In general, the Imperials are good at torpedoes and nova cannons and other stuff. The above statement fails to point out that the Imperial Navy is the most diverse fleet in the game, comprising of no less than six fleet lists and sports more cruiser classes, in every subtype, than any other fleet in the game.
You can take Space Marine or some Chaos ships as reserves and sport up to four re-rolls more than any other fleet - except Abaddon who gives one re-roll every turn, so really Chaos have more than any other fleet since there's usually more than four turns in a game.
Nova cannons are so powerful that it is considered poor gamesmanship to take more than three in a tournament list points while many even advocate to using the one-perpoints restriction and most of your basic cruisers can be upgraded to carry them. The six up prow is a huge help since most hurt comes from the front, and it lets you take power rams , a nice but situational point filler. Your average range is 30 cm, and only two basic cruisers can push to Your 60 cm weapons are few and far between.
Nothing fancy, you are the baseline that is used by other factions to set out their niche. With all the options in the world, the biggest reason why the Navy fails to win many matches is that it is predictable by nature hurr hurr, Imma fly at you while booming mah nova cannon, trying to fly between your lines to blast your arse off with both sides and everyone and their pet otaku has a fleet.
Easy to play, a real pain to master. The Chaos fleet is pretty similar to the Imperial Navy, but emo'd up. They are a bit faster than their corpse-god worshiping counterparts and have the largest selection of ships, making them superior to any other fleet except sometimes Necrons if correctly built. For various reasons, the Chaos ships look totally different from the Imperial ones, not just Imperial ones with tentacles and spikes and crap.
They later made some ship that was supposed to be the 'old' Imperial ships that were bastard chimeras of both and they were ugly as all fuck and somewhat terrible, which raises the question of why the Chaos fleet is actually any good. The reasoning behind the different looks of the Chaos and Imperial fleets is due to building techniques changing.
Older vessels are mostly "keel built", meaning they were built upward from their keel and thus have a low, wide look to them. Meanwhile newer ships are mostly "spine built", meaning that the dorsal spine was made first and thus they have a tall, thin look. Additionally, the more recent Imperial ships have been built or retrofitted with an armored prow, while the Chaos ships lack one to allow for more speed.
It stands to reason that older Imperial ships would look like the Chaos ones which is why reserve fleets use Chaos classes and models and any new ships turning traitor would look like Imperials. Chaos sports the second most diverse fleet in the game with the second highest complexity and ship count. While they lack the strict durability and torpedo numbers of the Navy, they make up for it with absurd firepower, assault boats, better speed and overall better ships for fewer points.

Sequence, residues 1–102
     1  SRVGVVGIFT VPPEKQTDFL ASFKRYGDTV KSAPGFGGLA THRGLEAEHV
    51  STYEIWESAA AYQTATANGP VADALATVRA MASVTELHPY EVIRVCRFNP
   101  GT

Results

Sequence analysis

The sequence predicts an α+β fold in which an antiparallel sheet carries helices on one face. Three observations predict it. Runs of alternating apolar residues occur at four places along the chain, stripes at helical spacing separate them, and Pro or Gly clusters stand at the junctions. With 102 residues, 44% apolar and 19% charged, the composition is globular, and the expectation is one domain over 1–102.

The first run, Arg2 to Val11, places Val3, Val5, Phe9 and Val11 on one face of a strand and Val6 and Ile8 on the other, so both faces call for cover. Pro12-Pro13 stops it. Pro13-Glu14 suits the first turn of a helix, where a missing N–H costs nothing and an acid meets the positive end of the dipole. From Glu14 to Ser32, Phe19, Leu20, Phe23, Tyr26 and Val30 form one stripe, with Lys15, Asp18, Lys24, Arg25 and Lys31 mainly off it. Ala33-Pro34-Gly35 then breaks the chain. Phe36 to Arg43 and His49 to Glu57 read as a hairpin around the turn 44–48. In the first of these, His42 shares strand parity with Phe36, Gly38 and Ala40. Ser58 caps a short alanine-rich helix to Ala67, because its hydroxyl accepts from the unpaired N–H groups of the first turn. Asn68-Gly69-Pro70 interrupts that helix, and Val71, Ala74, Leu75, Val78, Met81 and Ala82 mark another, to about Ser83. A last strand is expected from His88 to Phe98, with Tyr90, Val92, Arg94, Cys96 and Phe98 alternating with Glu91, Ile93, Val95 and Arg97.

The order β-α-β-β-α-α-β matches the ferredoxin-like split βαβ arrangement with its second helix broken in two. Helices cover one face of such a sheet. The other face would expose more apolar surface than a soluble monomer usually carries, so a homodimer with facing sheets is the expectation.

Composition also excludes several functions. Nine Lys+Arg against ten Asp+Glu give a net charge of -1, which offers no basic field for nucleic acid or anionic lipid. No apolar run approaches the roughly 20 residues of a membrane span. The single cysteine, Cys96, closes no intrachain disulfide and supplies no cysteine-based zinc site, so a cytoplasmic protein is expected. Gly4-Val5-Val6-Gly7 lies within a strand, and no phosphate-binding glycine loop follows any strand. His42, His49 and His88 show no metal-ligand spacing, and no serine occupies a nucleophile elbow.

As a result they have some of the best ships, point per point, in the game. Your average range is 45 cm with lots of 60 cm options, and a few 30 cm options. They also have a pretty flexible set of upgrades, including putting Chaos Space Marines to improve leadership and boarding. Where Chaos suffers is their lack of durability to incoming fire and ordnance.
You quickly start missing that six up armored prow after you watch your prized Repulsive grand cruiser get erased by a lucky round of fire. Also, Chaos ships can have Marks of Chaos, and daemon-possessed ships, with some options being such a cheese even Elfdar feel their pants getting soggy, and as centrepiece models you have the planet killer , and activated blackstone fortresses , which are expensive in terms of points apiece but can shoop da whoop an enemy ship or two off the table.
It also has four god-specific lists that add up upgrades and unique ships, sometimes cheesy, sometimes outright rapey. Nothing beats the priceless look on enemy face when your Conqueror starts counting how much boarding action power it has. Necrons have like 5 different kinds of ship and according to fluff are fucking nasty to fight. They are also the most powerful fleet, and have light cruisers that can blow apart battleships without a scratch, due to having the only armor saves of the entire game no joke here and a shitton of close-ranged weapons, and anyone who thinks they're outrunning you in a straight line had better prepare the lube, thus being unkillable and murder incarnate.
The drawback is that if you lose even only one ship, your opponent will gain way more victory points than said ship's point cost, something that can cost you victory if you are careless. There is no defeating a Necron fleet that outnumbers you, not in the fluff, not in the game. They remain OP, but then again, they are like millions of years old and are the most advanced ships in the game so that sounds about right.
Eldar ships look a lot like their vehicles. With only about six ships in the original rulebook, they were somewhat gimped from the get-go. They have shiny fields of awesome to protect them from lances and the like, but gun batteries fuck them up so hard it's retarded, particularly since they HAVE to dip into battery range to fire the fields are basically naval-scale holofields which obscure the exact position of the Eldar ships, making them difficult to hit with pinpoint weapons, but doesn't help much against the "spam more dakka" approach to conventional battery gunnery.